A rate which people often will care about is how fast a factory can grow or copy itself. Usually this is expressed as the amount of growth divided by the original size, over a time interval, in percent per year. An alternate way to express the growth rate is Doubling Time - how long it would take the factory operations to double in size. Growth rates are limited by the slowest process within the factory. So a well-designed factory will balance the size and speed of its parts so that no part is excessively slow relative to the others. Since factories require energy to operate, this is one of the factors that often limit growth rates. As an example, we can estimate the amount of energy needed and growth rate for a simplified factory model:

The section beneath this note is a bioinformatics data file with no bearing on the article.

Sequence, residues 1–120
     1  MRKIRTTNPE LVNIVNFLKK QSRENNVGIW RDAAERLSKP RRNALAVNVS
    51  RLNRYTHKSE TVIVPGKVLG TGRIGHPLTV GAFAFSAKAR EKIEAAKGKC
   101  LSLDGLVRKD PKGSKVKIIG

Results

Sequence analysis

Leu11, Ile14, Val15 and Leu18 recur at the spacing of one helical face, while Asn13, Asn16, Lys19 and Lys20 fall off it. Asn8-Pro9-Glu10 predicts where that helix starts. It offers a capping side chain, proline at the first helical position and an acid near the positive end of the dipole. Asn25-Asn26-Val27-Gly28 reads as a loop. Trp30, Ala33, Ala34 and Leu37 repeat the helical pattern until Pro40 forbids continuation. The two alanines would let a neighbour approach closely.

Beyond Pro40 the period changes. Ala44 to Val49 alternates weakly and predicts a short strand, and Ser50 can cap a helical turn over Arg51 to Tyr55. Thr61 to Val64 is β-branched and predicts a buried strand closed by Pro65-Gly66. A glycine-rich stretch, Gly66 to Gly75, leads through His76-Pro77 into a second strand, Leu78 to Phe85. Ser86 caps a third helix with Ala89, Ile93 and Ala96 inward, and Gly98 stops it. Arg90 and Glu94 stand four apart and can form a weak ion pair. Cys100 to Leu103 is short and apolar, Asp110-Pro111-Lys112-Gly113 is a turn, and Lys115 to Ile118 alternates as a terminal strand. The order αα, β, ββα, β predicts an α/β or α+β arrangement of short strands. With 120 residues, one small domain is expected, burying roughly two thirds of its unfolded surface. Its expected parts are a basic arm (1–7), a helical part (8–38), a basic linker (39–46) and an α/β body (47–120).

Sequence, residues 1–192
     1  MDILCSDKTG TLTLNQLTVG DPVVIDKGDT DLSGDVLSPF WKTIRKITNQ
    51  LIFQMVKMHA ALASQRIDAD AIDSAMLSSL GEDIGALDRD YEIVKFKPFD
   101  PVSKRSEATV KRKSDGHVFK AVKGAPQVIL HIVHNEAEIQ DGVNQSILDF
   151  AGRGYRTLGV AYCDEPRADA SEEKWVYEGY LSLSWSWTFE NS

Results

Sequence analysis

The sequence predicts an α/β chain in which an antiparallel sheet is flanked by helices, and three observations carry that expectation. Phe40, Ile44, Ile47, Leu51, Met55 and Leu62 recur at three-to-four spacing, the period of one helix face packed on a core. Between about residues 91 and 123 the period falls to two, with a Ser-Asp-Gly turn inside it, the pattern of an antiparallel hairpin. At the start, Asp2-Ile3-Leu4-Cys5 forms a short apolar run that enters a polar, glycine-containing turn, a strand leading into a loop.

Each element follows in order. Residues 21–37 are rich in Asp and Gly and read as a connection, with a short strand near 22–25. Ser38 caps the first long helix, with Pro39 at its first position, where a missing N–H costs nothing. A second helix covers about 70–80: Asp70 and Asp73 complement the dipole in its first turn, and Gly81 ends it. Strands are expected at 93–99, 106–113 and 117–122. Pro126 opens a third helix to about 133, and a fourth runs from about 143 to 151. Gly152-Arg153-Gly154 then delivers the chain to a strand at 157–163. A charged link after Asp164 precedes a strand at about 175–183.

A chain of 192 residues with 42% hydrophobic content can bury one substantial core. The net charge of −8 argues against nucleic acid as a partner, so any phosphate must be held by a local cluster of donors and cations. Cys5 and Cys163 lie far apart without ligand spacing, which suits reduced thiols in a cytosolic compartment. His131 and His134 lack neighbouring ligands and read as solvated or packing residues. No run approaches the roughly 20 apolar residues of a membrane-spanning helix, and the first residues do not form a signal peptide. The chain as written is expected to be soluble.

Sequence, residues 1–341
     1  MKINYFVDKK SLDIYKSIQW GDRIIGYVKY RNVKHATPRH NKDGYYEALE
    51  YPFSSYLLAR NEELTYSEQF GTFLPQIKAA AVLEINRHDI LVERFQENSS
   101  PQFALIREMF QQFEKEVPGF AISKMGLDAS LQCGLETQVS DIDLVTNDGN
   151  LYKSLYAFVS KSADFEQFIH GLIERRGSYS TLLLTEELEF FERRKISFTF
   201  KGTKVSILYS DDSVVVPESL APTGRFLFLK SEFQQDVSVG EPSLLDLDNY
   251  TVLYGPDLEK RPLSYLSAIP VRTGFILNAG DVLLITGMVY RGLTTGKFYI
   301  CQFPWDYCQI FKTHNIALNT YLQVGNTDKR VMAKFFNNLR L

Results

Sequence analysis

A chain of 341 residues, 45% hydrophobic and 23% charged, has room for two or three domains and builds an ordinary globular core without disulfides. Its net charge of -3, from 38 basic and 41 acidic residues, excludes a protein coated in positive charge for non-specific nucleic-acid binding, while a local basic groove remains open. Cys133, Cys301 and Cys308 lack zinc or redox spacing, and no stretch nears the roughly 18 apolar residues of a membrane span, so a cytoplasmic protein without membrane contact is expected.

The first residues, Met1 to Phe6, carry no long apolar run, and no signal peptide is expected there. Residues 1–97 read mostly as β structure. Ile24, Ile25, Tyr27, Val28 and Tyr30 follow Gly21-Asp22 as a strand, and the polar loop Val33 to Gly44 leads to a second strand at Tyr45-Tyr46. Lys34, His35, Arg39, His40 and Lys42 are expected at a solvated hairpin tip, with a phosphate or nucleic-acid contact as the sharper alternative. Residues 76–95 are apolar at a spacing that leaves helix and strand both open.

Embodied Energy is the total energy used in making an item, starting from raw materials until production is complete. That energy is said to be "embodied" in the final product, although much of it is physically dissipated elsewhere. For our simplified factory model, we will assume an average square meter of factory area includes 10 cm of gravel, 20 cm of concrete foundation and slab, and the equivalent of 30 cm of steel in factory equipment and the building that contains them. The actual equipment and building will take up more height than this, but for the purpose of calculating embodied energy we can treat it as a solid slab of metal with a given thickness. From the material densities, we then get 140 kg of gravel, 480 kg of concrete, and 2340 kg of steel. Embodied energies for these materials are 0.083, 1.14, and 10 MJ/kg respectively, which can be found from reference sources like the Inventory of Carbon and Energy (spreadsheet, v2.0, 2011). Multiplying the mass/area by energy/mass for each material, then adding, we get 11.6 + 547.2 + 23,400 = 23,958.6 MJ for each square meter. We round this up to 24,000 MJ/m2 as the energy required to produce our simple model factory. Assume we have a 50/50 mix of thermal and photovoltaic solar collectors in an average climate. Half of them provide 4 hours/day of thermal energy @ 850 W/m2 and the other half supply 4 hours/day of electrical power @ 160 W/m2. If their total collection area is 3 times the floor area of the factory, then they will produce 21.82 MJ/m2 of factory floor per day. Dividing the energy to produce the model factory by this number gives 1,100 days to generate sufficient energy to copy the factory. To this we need to add 175 days to account for the energy to make the solar collectors. This gives 1275 days = 3.5 years combined time to produce sufficient energy to copy the factory plus power supply. This is a 22% annual growth rate in theory. In practice, our factory will be more complex than our simple three layer example, and other factors than energy may limit the growth rates.